George Rooms – East Georgia Street

George Rooms 215 E Georgia

Until 1985 the George Rooms sat behind Charles Woodward’s Vancouver Main Street store that stood on the corner of East Georgia. The building was designed, as far as we can tell, by Townsend & Townsend for D C McLaren (of 646 Main Street) and built at a cost of $40,000 by E J Ryan. When it was built in 1912 East Georgia was still called Harris Street, and the building was described in the Daily Building Record as a five-storey brick store & rooming house. D C McLaren was a saddler and harness maker – the Museum of Vancouver has some of his work. He was also the Provincial Grand Master of the Orange Lodge of BC. David Carlson McLaren was born in Ontario in 1868, his wife Mildred came from Quebec, and in 1911 they had a 12-year-old son at home called Raleigh, who had been born in Kamloops in 1898. Mr. McLaren’s business was on Main Street, but he lived on Woodland Drive. David McLaren died in 1943, having last worked as a leather worker in 1922. His wife Mildred died in 1950, aged 83, and their son Raleigh McLaren died in 1966, aged 67, at Ganges in Saltspring Island, having worked in construction as a bridgeman according to his death certificate.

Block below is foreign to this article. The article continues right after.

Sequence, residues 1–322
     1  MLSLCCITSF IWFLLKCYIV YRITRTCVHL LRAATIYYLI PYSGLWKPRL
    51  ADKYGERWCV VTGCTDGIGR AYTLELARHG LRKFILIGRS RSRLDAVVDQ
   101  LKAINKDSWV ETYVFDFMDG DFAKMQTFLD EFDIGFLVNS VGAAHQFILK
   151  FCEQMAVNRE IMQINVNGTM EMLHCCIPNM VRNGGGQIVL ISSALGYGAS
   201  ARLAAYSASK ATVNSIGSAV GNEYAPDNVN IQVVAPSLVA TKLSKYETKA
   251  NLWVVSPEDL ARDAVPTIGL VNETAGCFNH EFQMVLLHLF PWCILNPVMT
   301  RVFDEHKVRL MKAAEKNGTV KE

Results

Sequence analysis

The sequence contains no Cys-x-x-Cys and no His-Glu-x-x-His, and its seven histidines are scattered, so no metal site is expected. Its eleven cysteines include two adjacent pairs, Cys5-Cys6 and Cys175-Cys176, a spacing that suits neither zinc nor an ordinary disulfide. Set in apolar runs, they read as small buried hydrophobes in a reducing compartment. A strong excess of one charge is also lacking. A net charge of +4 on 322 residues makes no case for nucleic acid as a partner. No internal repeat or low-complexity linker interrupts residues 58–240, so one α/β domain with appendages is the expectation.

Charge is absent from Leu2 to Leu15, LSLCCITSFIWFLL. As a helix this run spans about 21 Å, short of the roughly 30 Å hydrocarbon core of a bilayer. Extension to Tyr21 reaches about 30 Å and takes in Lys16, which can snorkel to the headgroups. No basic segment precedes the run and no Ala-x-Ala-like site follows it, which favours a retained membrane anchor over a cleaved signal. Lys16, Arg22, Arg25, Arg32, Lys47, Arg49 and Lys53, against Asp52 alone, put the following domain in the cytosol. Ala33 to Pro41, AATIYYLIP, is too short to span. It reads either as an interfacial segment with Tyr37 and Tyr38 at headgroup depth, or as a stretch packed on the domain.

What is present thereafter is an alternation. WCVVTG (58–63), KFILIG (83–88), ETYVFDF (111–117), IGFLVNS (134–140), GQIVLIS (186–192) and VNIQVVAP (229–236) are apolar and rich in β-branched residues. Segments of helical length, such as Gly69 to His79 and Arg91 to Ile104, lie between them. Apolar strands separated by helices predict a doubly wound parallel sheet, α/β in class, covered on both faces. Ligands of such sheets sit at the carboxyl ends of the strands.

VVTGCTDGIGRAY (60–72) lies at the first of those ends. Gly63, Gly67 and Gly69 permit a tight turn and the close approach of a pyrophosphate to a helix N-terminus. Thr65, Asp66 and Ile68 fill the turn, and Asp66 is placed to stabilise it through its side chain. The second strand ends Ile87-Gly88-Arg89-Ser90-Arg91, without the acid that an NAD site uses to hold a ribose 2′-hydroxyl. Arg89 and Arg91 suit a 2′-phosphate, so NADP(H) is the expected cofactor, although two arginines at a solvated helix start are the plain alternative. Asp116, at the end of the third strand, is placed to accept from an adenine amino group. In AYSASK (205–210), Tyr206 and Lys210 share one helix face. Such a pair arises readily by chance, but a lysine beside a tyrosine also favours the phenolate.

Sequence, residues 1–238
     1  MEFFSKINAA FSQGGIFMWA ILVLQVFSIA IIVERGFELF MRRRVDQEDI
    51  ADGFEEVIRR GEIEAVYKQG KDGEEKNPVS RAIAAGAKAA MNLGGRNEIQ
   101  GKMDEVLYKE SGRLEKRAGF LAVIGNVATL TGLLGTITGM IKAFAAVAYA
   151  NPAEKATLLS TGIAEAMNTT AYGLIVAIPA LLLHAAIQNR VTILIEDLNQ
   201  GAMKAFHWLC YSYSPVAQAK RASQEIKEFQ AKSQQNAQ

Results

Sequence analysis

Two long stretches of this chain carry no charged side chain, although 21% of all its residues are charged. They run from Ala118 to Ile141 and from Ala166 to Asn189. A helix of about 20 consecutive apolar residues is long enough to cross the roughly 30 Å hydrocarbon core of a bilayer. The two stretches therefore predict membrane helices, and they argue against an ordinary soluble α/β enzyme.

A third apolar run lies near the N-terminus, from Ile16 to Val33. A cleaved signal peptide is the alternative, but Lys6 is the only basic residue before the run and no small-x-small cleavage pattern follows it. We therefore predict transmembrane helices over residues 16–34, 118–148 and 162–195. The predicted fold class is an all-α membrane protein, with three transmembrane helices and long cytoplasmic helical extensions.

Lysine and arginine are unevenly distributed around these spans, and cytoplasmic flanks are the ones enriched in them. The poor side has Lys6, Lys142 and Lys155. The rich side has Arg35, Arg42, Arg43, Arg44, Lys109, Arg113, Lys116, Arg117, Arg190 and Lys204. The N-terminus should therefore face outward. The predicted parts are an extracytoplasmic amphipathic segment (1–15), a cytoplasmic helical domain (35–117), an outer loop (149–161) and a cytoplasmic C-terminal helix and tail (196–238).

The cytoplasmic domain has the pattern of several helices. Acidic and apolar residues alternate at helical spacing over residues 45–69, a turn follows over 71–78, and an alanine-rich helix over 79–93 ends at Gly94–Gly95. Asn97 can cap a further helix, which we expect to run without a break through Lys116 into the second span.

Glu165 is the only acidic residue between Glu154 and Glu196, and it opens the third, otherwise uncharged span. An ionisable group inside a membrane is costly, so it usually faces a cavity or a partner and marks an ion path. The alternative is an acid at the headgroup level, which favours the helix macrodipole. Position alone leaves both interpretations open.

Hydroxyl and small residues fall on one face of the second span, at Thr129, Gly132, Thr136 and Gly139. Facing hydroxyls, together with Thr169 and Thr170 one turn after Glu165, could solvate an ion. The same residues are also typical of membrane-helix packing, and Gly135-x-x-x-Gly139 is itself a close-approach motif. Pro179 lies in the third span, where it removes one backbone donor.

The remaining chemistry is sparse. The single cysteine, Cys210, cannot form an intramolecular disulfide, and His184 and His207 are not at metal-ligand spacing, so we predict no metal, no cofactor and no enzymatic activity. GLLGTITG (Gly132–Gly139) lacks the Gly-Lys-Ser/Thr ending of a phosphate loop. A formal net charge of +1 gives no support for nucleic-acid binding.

The rooms changed name in the very early years. They started out as the Mori Rooms, but in 1914 they were the Apex Rooms run by Mr. McLaren himself – a name they retained into the 1920s. By 1975 the building had clearly deteriorated, but was returning (briefly) to active service as a 73-room SRO hotel. A Council report in 1975 on “Derelict Buildings in Skid Road – 205-15 East Georgia Street” stated that “The Fire Chief reports as follows: These premises are now fully sprinklered and at the time of writing this report the building is almost ready for complete occupancy. There are some minor routine Bylaw requirements to be completed but otherwise  the premises may be occupied at any time.” The rooms continued in use until 1984, and were demolished in 1985 to make way for the 8-storey strata parkade, retail and office building that’s there today.



Posted 21 January 2016 by ChangingCity in East End, Gone

Tagged with ,

%d bloggers like this: